Reporter Michael Gray – one of the original members of the CommonSpace team – reflects back on some of our most important stories
SINCE CommonSpace launched in January 2015, we've made an impact on the news landscape not just in Scotland, but in the rest of the UK.
We are funded by the Common Weal think-tank – although we are editorially independent of it – and Common Weal is funded entirely by direct donations from supporters. With that support, we do our best to make sure we create quality, original content and distribute it as far and wide as possible.
Here, CommonSpace journalist Michael Gray takes a look back at five stories he feels made a difference.
1) Liam O’Hare: 'Migrants on hunger strike for better conditions at Dungavel'
"Dozens of migrants have been on hunger strike for over a week at a controversial detention centre in Scotland," former CommonSpace reporter Liam O’Hare reported in March 2015.
On this story, CommonSpace collaborated with The National newspaper.
The story had an immediate response with the Scottish Trades Union Congress (STUC) and the Church of Scotland demanding access to the UK Home Office deportation centre.
Dungavel already had a controversial reputation over reports of the mistreatment of detainees. While some focused on Home Office denials, O’Hare led the way by reporting from inside Dungavel itself, and linking up with asylum claimants close to the hunger strike.
2) Jen Stout: 'Glasgow has upset 'pickup artist' RooshV'
"Several protests have been organised in Glasgow, where 'Roosh' supporters were planning to meet in George Square on Saturday [6 February] at 8pm. Facebook events show several thousand planning to attend, with similar events planned in Edinburgh. Jen Stout said on the protest build-up against sexism," Jen Stout reported on the protest build-up against sexism.
What started as a local story grew to national and international prominence. Glasgow campaigners were among the most vocal in standing-up to RooshV’s style of aggressive masculinity.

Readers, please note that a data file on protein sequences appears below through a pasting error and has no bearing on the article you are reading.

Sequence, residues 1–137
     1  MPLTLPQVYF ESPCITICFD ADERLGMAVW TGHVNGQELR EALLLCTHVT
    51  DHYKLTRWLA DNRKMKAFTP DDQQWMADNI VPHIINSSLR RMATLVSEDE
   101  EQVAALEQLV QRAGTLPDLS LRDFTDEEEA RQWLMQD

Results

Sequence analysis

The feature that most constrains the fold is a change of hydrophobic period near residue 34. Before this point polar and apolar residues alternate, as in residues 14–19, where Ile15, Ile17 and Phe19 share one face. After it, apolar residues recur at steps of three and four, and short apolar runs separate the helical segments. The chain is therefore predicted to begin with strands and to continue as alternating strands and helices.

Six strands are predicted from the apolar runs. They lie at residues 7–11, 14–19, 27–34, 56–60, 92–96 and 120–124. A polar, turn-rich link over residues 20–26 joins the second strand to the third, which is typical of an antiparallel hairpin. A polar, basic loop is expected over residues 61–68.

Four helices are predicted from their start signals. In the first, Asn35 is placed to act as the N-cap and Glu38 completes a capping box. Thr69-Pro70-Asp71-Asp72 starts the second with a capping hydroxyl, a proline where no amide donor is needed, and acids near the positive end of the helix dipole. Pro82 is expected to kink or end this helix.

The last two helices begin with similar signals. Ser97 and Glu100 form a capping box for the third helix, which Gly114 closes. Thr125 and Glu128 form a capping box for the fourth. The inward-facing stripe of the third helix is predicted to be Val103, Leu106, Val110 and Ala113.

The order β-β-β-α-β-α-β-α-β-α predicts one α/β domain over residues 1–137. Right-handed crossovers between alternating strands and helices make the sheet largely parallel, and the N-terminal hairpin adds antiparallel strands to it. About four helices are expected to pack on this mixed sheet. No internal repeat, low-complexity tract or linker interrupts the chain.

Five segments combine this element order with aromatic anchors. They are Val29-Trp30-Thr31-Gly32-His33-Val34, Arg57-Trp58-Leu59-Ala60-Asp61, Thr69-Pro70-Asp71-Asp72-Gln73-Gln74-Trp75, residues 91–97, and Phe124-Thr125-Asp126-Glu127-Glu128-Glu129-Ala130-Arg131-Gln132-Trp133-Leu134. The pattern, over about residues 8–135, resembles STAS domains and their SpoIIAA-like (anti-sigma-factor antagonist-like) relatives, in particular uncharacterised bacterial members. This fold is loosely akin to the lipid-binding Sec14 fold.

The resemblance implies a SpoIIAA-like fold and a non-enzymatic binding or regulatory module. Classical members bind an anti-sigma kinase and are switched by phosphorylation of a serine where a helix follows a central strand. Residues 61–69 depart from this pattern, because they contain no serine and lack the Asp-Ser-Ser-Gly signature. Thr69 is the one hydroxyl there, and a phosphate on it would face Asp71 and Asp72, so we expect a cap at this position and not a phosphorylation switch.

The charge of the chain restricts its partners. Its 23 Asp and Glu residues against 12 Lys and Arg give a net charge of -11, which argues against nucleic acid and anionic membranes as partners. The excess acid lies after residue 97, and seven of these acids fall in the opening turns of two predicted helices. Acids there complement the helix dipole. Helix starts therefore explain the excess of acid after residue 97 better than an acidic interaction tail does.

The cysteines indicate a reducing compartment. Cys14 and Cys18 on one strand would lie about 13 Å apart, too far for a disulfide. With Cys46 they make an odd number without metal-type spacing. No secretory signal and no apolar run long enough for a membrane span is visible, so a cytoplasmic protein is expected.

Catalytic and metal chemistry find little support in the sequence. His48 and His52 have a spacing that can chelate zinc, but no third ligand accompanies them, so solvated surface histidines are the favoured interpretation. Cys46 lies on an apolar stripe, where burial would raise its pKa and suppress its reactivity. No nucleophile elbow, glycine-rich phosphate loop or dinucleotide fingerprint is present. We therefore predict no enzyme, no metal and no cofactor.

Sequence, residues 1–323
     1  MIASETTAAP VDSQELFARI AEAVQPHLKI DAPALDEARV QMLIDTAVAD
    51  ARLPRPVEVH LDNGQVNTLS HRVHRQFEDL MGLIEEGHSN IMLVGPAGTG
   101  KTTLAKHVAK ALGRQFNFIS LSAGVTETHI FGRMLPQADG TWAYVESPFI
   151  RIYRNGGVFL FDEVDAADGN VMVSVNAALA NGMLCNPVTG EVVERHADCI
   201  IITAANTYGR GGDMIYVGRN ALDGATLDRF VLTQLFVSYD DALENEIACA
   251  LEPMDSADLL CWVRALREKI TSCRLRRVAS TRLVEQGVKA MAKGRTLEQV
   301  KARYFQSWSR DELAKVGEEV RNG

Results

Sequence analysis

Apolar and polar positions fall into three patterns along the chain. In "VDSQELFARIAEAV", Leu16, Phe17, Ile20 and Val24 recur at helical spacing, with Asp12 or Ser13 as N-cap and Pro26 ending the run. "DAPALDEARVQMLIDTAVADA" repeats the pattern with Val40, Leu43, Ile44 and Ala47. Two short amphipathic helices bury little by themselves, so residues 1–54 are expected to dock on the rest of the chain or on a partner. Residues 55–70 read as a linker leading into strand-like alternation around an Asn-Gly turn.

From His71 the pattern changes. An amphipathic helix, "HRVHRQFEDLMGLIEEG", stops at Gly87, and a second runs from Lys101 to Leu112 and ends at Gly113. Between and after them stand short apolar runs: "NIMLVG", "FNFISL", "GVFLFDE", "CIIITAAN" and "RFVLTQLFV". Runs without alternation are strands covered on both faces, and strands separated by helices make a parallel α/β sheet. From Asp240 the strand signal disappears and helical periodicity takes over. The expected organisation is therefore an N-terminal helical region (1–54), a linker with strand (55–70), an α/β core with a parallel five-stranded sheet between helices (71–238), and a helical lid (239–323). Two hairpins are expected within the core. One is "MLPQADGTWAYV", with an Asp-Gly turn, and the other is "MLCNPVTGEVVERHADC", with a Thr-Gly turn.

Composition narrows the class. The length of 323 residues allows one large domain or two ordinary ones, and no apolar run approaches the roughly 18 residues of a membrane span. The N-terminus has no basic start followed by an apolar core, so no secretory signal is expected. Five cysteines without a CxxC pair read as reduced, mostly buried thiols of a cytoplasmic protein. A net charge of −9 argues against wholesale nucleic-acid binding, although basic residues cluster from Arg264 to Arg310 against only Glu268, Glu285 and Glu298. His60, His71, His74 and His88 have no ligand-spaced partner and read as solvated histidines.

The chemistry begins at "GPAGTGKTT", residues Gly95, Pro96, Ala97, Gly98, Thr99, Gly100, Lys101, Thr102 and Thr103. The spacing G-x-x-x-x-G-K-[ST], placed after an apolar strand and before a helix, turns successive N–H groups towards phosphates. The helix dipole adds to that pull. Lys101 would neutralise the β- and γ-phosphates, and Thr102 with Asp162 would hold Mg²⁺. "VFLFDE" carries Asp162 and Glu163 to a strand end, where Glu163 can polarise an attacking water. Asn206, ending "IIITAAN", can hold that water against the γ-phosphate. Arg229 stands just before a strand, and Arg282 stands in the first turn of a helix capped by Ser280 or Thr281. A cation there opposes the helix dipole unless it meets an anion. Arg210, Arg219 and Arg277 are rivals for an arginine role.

Stout followed the developments closely as tens of thousands of people mobilised online, while misogynistic supporters targeted progressive journalists. A resulting debate was reignited over hate crime, gender, and free speech.
Rather than a gathering implying support for rape culture, there was a feminist demonstration which toured the city’s nightclubs with a disco sound system.
"The main author of the Scottish Conservative party's new education policy is working with a controversial think tank – one of whose leading figures the party once dismissed as 'fascist' – in drawing up its education policy," reported David Jamieson in the year of the 2016 Scottish election.
The Hometown Foundation has courted community campaigners in Milngavie, who want to save their school from closure. Jamieson revealed that the group had a far wider agenda to remove council control over schools. One of its key architects, Robert Durward, is a serial wealthy sponsor of rightwing causes.
The revelations remain relevant as education reform becomes the top issue in the new parliament.
"The Buccleuch family, owners of over 240,000 acres of private land, use a shadowy Cayman Islands tax haven firm to control and sell land, it has emerged," CommonSpace reported earlier this year.
The story broke the day before the final Scottish Parliament debate on the need for radical land reform.
In parliament government ministers recognised the story as a reason for action, and backbenchers said it highlighted the need for a full ban on offshore tax haven land ownership.
While votes for a full ban failed, a year of CommonSpace coverage of the land reform movement contributed towards a consensus that more land reform action is needed in the year ahead.
"When asked how many people had been killed in UK airstrikes, a ministry of defence spokesperson responded: 'What do you mean by people?'," CommonSpace reported months after the UK had officially joined the bombing of Syria.
Reports at the time said 2,104 civilians had been killed in western bombings, with logistical barriers making it difficult to judge the full scale of bloodshed and military chaos.
Foreign Secretary Philip Hammond was challenged in the UK Parliament on the story, and conceded that people had been killed in UK airstrikes.
CommonSpace reported further details of civilians killed in bombing attacks. The UK Government refused to investigate.
Picture courtesy of Michael Gray
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